Pending home sales rise to highest in 2½ years

WASHINGTON — A measure of Americans who signed contracts to buy homes increased last month to its highest level in two and a half years, the latest sign of improvement in the once-battered housing market.

The National Association of Realtors said Friday that its seasonally adjusted pending home sales index rose 1.7 percent in November from October to 106.4. That’s the highest since April 2010, when a homebuyer tax credit caused a spike in sales. And after excluding those months when the tax credit was available, it’s the best reading since February 2007.

The increase followed a 5 percent gain in October and suggests higher sales of previously occupied homes in the coming months. There’s generally a one- to two-month lag between a signed contract and a completed sale.

In November, signed contracts to buy homes rose in the Northeast and West, and ticked up slightly in the Midwest. They were unchanged in the South.

Home sales are on track to rise 10 percent this year to their highest level in five years, buoyed by ultra-low mortgage rates and steady job gains. The Realtors’ group forecasts that sales may rise in 2013 to about 5.1 million. That’s still below the more than 5.5 million that is considered consistent with a healthy market.

The housing recovery that began earlier this year is looking sustainable for a number of reasons. The supply of previously occupied homes for sale has finally thinned out and is at an 11-year low. At the same time, more people are looking to buy or rent a home after living with relatives or friends during and in the aftermath of the Great Recession.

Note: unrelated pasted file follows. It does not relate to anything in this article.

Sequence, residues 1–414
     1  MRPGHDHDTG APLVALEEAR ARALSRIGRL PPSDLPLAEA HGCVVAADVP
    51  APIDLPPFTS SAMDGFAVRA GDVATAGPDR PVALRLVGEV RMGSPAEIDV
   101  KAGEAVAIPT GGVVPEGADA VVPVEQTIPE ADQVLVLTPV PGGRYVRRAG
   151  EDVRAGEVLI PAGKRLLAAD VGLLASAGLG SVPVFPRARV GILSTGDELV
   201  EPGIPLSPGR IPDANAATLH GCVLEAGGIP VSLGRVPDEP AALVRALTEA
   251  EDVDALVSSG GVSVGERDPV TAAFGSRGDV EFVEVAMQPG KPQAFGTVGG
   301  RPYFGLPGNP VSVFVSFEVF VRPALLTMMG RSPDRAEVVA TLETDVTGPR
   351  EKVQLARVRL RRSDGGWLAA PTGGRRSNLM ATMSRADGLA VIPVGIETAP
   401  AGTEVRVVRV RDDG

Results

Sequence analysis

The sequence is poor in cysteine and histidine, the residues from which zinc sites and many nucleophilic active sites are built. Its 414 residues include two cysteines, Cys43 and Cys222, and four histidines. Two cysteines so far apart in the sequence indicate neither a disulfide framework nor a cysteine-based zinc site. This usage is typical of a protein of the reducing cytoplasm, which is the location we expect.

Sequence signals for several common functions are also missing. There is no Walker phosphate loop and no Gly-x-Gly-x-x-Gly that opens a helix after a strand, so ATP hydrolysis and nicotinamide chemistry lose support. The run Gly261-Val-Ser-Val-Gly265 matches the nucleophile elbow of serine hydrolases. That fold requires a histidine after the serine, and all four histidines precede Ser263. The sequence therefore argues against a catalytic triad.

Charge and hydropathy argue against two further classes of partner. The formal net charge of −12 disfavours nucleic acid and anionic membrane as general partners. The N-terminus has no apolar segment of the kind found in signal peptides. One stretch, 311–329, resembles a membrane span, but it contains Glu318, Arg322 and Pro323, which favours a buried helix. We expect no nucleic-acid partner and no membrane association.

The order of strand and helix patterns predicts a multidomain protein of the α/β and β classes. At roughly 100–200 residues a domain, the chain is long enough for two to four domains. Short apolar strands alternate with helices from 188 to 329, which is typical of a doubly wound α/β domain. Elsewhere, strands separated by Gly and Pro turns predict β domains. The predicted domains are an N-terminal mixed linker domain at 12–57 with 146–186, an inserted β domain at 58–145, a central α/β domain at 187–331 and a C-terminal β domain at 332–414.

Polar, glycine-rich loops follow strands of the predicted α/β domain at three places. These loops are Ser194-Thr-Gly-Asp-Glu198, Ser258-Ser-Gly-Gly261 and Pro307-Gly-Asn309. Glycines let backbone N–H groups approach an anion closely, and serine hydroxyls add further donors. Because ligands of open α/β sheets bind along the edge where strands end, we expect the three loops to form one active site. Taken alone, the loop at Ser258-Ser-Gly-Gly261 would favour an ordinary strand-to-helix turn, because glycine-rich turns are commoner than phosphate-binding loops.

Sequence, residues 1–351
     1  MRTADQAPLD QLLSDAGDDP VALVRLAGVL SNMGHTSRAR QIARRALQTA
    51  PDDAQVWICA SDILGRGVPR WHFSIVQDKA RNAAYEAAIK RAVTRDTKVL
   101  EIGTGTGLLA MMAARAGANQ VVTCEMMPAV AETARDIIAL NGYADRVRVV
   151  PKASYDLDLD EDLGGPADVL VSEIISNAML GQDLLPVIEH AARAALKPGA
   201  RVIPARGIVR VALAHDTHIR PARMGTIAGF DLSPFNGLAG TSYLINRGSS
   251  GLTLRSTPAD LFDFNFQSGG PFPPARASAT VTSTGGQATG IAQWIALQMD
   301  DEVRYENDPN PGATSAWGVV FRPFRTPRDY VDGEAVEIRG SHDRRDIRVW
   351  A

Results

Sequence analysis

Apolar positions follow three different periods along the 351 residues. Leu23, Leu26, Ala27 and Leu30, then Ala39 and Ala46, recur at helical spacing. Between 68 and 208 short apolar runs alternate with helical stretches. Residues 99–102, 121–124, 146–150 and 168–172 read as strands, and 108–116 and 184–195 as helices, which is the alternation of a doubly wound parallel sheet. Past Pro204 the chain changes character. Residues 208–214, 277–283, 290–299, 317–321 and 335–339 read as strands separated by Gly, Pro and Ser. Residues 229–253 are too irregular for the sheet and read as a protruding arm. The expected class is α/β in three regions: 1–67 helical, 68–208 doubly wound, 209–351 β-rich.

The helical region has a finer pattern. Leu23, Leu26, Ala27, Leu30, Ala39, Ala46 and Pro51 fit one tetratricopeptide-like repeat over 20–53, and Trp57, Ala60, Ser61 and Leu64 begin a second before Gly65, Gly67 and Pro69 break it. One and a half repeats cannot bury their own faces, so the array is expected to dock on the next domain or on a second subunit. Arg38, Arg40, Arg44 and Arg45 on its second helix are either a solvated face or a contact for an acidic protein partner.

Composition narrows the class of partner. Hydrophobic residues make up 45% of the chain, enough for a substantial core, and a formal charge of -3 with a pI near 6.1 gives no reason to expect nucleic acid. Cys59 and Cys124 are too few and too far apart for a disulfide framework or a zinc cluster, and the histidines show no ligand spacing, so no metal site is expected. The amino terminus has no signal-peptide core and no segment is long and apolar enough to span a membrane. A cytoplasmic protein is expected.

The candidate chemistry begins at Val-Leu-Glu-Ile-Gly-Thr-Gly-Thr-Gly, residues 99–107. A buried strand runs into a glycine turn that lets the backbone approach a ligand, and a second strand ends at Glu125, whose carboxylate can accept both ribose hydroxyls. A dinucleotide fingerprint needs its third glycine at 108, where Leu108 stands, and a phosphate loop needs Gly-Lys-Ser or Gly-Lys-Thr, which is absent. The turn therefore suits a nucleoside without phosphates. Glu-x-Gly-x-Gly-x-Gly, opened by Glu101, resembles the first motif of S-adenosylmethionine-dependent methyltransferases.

The combination of stronger demand and limited supply is pushing up home prices. That could encourage more sellers to put their homes on the market because they can expect a better price.

Builders are also more optimistic that the recovery will endure and are stepping up construction. The pace of home construction was nearly 22 percent higher in November compared with a year earlier. Builders are on track this year to start work on the most homes in four years.

More in Herald Business Journal

Health-care consumers need to take the lead, so get smart

David Russian, CEO of Western Washington Medical Group, writes our third essay about fixing health care.

More business, more competition for Everett kidney dialysis center

Nonprofit Puget Sound Kidney Centers sees large for-profit competitors enter state market.

Molina Medical holds fall carnival for families in Everett

Molina Medical is hosting a free event for families in the Everett… Continue reading

Leadership Snohomish County celebrates 20 years of service

Leadership Snohomish County is celebrating its 20th anniversary. The organization was launched… Continue reading

Snohomish, Monroe manufacturers honored for innovation, excellence

Two Snohomish County companies have been honored with Manufacturing Excellence awards at… Continue reading

Remodeled home tours planned this weekend

This weekend, Edmonds-based Chermak Construction will participate in the 2017 Remodeled Homes… Continue reading

Barron Heating to celebrate anniversary at Marysville showroom

Barron Heating and Air Conditioning is celebrating its 45th anniversary from 10… Continue reading

Robots on Wall Street: Slow-footed regulators lose ground

Watchdogs have to figure out how to check computers running lightening-fast algorithms.

US budget deficit hits $666B, an $80B spike for the year

The deficit issue has largely fallen in prominence in Washington in recent years.

Most Read